My apologies for being lazy with my hits-per-day stats. I just pulled the actual info for that web site on last Monday, and it received 11.3 million hits that day. So it really isn't that the site gets a proportionately high number of unique hits. The low TTL method of failing over is working for us very well for a number of different web sites, but I think this one is a good example.

However, I wonder whether it is considered inconsiderate behavior to set very low TTL values, and thus increase the burden for resolvers? We have several records with a 30s TTL, and three with 10s. Those are the lowest.

Maria

On Thu, Oct 14, at 01:35%P so wrote Maria Iano (maria@iano.org):

> I think you may have misread my message. The stat for hits was per day, but the unique visitors stat was per month. The particular site I mentioned contains information and entertainment spread amongst different pages, and clients tend to stay on the site and travel around the different pages for quite a while.
>
> Maria
>
> > -----Original Message-----
> > From: bind-users-bounce@isc.org [mailto:bind-users-bounce@isc.org] On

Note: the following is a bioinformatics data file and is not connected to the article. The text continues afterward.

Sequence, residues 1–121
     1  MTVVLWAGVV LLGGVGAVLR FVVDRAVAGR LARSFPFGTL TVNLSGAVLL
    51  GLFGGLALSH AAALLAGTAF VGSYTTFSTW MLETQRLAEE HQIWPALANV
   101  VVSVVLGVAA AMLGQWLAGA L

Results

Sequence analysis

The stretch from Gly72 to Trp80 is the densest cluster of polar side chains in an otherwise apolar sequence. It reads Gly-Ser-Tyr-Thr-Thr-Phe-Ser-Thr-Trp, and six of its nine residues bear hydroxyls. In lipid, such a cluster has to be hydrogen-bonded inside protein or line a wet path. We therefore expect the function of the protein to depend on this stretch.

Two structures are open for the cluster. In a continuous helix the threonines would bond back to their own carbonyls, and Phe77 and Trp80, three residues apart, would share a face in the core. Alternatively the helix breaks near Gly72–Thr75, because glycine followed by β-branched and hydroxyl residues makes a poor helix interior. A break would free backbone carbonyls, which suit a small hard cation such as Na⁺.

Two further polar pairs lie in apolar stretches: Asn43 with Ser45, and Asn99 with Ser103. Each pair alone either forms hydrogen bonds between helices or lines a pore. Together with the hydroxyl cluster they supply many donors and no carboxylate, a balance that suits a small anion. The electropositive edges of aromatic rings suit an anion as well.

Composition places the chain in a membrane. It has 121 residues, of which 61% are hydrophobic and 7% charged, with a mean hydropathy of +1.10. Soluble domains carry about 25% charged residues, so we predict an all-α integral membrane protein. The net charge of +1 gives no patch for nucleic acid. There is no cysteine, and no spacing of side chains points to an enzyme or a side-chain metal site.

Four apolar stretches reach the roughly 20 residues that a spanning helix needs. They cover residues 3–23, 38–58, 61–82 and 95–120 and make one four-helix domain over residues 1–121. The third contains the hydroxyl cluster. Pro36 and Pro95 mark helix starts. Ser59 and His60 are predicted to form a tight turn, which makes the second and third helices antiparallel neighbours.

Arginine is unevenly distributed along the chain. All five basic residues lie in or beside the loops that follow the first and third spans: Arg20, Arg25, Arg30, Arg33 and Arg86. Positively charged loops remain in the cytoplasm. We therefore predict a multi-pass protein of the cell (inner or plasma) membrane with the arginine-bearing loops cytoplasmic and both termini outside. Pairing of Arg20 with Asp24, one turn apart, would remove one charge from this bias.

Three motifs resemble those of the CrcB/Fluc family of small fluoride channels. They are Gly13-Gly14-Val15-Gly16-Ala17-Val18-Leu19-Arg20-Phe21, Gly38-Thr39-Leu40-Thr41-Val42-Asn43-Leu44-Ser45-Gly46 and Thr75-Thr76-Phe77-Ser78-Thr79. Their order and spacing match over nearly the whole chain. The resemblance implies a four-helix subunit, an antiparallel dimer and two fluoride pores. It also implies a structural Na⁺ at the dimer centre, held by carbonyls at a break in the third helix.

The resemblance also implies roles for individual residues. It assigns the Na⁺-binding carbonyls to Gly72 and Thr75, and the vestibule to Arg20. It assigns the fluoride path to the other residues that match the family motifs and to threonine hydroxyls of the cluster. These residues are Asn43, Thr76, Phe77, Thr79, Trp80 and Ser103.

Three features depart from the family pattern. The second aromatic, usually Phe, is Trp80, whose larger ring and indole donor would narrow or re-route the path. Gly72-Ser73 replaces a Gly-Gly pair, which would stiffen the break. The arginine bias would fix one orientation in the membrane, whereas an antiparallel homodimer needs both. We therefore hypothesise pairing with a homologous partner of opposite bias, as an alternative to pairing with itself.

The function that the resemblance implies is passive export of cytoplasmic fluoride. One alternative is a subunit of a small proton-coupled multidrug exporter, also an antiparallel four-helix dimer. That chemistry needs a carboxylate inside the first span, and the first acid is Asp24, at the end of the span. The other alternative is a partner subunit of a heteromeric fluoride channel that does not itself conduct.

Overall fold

> > Behalf Of David Botham
> > Sent: Thursday, October 14, 2004 1:19 PM
> > To: comp-protocols-dns-bind@isc.org
> > Subject: Re: DNS Failover
> >
> > bind-users-bounce@isc.org wrote on 10/14/2004 12:40:24 PM:
> > > Pete,
> > >
> > > It is still the case that our GSLBs work pretty well. I'm not just

> > saying that
> > > from the point of view of using my own browser. When we use the GSLBs

> > to
> >
> > > redirect traffic for our sites, we can see that the traffic does

> > indeed
> > get redirected.
> > >
> > > For example, one of our sites gets over a million hits per day from

> > all
> > over
> > > the world. It gets over one million monthly unique visitors. When the

> > IP
> >
> >
> > To Pete's point: As your hits are coming from a large number of unique
> > hits, that implies unique brower sessions, and therefore implies that
> > that
> > your users will not have cached information from your glsb's and this
> > type
> > of traffic might not be problematic.
> >
> > However, the ones you have to worry about are those people that are not
> > unique and have a browser cached answer. These people will have the
> > problem that Pete describes.
> >
> > With the large number of unique connections your site takes you can
> > expect
> > to see the results you have described. As will all technical caveats,
> > it
> > is important to evaluate your particular circumstances and determine the
> >
> > potential impact to your situation.
> >
> >
> > Just my $.02.
> >
> >
> > Thank,
> >
> > Dave...
> >
> >
> > > address handed out for that site by the GSLBs is changed, the change

> > takes
> > > effect in the traffic to the site extremely quickly and effectively.

> > So
> > that
> > > gives a good kind of average over the various different browsers and

> > resolvers
> > > throughout the world.
> > >

> > [clip...]
> >
> >